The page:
November is not my favorite month of the year, up here it’s a transition month, from color to gray, from warm to cold, from Spring and Summer to Winter. It also brings up the holiday season, which is a mixed bag for so many people.

This time of year is a reset. We are ready for winter, but missing the color and the light.

Lots of people don’t have a Hallmark Christmas, it can be a dank and painful time of year. Still, yesterday brought a respite from the rain, a crisp morning, an uplifting sunset, a think coat of snow.

I am beginning to think of Thanksgiving, and what it means to me. Several years ago, I promised myself that I would not go shopping during the holiday season, I didn’t want the holidays to be about that for me.

So far so good. Yesterday I plunged right back into the photo nightmare, I purchased an expensive photo editing process that I can’t upload or install and can’t use. Sigh..here we go again. Tech support is by e-mail only and in no way helpful. There are lessons here.

21 November

Video: Training Zinnia, Cont. Sit, Stay, Meet Sheep

by Jon Katz

It was a good week with Zinnia, training-wise. We got to know each other, and I am getting a feel for how she thinks and responds. She is sharp, smarter than other Labs I’ve had, observant. She is calm but independent.

We worked on sitting, coming and most recently, staying. I’m increasing the distances for her to come, the length of time I want her to stay (three minutes, eventually) and the quickness with which I want her to sit.

We work for three or four minutes, three or four times a day. I use soft puppy training treats. She knows her name, and I have her almost full attention.

She is beginning to blow off some of my requests, which is natural as she grows up. This period calls for patience, simplicity, and clarity. And short but brief and repetitive sessions.

She doesn’t yet have the attention span for more intensive training.

I took  a video today showing the work we are doing and the progress she is making.

It turned out to be a good idea to begin socialization training early, she’s up for it and even hungry for it, she responded beautifully to it. The most important thing about therapy dog training is to make sure the dog is used to being touched and around lots of different people and environments. So far, nothing has fazed her.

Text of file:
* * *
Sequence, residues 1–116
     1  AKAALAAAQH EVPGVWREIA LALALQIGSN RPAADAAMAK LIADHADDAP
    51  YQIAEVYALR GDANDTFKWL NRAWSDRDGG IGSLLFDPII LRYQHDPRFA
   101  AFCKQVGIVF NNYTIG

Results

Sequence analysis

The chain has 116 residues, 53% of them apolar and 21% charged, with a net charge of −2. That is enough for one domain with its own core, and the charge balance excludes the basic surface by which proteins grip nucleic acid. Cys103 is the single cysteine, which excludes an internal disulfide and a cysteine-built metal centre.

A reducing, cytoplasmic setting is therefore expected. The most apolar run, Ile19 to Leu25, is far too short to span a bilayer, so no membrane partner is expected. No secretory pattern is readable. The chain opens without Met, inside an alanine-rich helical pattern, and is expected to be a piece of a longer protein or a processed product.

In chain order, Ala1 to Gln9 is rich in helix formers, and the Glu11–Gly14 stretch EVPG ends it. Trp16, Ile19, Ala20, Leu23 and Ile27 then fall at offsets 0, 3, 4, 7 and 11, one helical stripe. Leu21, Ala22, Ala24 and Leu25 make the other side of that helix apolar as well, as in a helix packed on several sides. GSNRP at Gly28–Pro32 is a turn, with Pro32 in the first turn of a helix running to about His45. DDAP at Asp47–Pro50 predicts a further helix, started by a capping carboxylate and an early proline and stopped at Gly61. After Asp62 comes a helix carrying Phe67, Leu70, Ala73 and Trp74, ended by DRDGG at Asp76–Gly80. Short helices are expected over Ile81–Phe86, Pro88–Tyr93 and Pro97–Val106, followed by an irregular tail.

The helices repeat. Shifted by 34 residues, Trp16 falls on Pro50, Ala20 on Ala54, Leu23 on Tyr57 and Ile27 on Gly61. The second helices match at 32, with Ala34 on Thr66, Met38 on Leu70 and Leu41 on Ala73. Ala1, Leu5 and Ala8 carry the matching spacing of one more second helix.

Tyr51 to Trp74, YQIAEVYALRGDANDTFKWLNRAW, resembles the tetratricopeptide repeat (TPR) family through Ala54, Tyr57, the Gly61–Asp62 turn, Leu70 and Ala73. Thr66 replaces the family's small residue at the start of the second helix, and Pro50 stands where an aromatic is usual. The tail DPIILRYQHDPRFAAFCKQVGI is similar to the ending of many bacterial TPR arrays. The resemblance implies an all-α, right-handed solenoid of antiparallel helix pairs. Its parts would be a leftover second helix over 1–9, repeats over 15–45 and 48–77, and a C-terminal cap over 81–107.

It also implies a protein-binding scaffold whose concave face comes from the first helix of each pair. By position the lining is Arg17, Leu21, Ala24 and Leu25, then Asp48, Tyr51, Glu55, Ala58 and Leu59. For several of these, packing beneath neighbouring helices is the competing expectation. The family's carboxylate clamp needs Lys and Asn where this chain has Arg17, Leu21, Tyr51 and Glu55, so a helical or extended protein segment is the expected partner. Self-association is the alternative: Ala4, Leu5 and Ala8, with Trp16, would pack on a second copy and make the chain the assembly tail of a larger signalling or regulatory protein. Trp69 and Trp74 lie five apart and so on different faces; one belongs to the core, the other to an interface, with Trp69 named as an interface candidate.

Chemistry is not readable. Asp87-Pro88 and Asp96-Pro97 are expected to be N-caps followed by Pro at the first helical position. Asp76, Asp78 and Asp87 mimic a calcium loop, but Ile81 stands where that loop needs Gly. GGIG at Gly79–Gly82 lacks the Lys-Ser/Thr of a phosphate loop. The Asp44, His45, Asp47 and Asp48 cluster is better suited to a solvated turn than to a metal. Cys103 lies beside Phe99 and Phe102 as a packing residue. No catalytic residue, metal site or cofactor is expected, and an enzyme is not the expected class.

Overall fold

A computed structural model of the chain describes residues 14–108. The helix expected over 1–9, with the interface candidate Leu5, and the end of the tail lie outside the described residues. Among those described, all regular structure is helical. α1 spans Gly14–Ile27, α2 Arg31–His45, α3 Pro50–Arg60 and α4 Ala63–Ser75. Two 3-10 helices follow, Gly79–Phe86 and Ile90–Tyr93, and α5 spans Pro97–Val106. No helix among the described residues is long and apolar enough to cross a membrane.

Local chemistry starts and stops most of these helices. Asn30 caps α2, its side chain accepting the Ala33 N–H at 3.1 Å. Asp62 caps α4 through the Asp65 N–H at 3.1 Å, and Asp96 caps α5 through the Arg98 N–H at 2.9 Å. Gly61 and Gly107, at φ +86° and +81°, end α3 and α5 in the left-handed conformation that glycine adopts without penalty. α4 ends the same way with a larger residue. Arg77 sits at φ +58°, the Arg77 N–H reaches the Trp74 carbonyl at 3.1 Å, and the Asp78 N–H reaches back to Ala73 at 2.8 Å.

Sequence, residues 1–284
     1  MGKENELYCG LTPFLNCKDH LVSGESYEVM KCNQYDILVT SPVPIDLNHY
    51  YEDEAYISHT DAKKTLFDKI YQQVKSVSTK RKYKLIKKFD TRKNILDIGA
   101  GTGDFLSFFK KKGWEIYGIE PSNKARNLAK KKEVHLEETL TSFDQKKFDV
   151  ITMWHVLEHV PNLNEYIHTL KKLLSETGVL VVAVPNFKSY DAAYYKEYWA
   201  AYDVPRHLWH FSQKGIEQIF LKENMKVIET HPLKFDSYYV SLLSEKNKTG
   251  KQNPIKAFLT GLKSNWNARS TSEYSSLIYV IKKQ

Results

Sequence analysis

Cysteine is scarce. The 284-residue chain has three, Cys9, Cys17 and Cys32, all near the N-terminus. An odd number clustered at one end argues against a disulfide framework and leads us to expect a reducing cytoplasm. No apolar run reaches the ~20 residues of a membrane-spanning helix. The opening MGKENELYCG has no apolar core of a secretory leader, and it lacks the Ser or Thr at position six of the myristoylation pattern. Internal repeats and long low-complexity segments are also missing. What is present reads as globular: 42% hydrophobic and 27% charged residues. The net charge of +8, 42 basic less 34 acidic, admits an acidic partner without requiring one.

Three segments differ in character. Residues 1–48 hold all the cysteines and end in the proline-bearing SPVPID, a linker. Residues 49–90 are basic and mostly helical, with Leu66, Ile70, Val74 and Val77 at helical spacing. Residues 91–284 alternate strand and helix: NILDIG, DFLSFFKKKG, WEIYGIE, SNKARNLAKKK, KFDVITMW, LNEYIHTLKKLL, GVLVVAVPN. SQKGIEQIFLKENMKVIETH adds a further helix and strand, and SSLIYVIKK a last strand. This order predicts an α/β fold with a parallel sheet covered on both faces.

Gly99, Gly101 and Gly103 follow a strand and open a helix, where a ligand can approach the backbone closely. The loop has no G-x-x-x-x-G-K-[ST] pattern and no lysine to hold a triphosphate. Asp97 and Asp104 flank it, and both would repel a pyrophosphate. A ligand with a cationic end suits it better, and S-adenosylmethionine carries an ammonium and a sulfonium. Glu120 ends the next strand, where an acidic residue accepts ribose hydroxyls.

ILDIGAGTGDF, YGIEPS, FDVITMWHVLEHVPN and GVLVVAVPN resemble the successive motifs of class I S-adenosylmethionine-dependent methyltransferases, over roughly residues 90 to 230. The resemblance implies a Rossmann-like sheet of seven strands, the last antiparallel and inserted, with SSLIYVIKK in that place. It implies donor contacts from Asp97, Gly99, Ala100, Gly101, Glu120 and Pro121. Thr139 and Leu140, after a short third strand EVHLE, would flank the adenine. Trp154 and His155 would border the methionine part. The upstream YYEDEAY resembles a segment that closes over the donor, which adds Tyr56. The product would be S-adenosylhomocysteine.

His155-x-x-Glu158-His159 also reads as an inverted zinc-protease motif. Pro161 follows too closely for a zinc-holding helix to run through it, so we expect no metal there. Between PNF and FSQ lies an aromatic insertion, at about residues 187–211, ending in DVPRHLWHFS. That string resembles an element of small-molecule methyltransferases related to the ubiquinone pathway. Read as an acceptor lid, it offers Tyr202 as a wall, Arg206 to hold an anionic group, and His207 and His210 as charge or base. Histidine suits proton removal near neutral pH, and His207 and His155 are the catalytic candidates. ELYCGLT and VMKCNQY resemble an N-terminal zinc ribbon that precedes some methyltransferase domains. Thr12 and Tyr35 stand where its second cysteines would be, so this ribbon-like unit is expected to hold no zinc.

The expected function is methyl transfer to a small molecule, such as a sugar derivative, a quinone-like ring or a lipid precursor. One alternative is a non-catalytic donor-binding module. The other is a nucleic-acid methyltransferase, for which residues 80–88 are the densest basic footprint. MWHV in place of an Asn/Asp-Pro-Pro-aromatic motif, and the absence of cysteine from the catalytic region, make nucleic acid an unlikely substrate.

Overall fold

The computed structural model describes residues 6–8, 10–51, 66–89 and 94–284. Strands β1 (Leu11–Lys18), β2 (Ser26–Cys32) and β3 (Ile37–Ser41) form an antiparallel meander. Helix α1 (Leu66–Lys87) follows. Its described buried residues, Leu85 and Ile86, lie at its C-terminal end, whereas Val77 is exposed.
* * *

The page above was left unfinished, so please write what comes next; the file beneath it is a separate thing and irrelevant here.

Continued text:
People come into the Mansion sometimes with their dogs, and I am surprised at the lunging, barking, and lack of control some people have over these dogs. I wouldn’t be comfortable bringing many of them around the elderly or the dying.

I see that the residents like seeing dogs in any capacity and seeing dogs is important to them.

But still, to be honest,  they would make me nervous if they were my dogs working around the extreme elderly. I just wouldn’t trust them to not jump on people, frighten them, bump into them or scratch them by mistake.

I’m not a snob, I see service dogs doing great work, but I guess I’m more obsessive about therapy dog behavior.

My idea is no mistakes of any kind, people who are dying or at the edge of life deserve absolute trust and security. If I can’t absolutely control my dog, we won’t do this kind of work.

The advantage of today’s training, as you can see in the video, is that I could use distraction to my advantage and also help acclimate Zinnia to seeing the sheep and donkeys close up.

She and Liam had a good stare-down but once again, Zinnia was not flustered, although she was cautious. That was just right.

 

 

 

21 November

Update: The Do-Good Report

by Jon Katz

This has been a busy week good wise, between a therapy dog, the Mansion, winter, Wish Lists, Bishop Maginn  High School and the holidays.

I want to be clear and open and update about what is happening, it’s an awful lot of good, an antidote, I think, given all the nasties running around and polluting our space and disrupting our peace of mind.

I’ll take it in order.

The Bishop Maginn Amazon Christmas Wist was an instant success, it was sold out by morning. This marks our fifth successful Bishop Maginn Wish List, we must be doing something right, we are batting 100 percent.

(Please remember the $10 and $25 gift cards are always there if you’re getting into the do-gooding habit. I start my day that way when I can.)

By keeping small and focused, we are staying within our Capability Zone, small acts of great kindness, carefully and thoughtfully considered. I am grateful for the crumpled $5 bills, they are vitamins for the soul.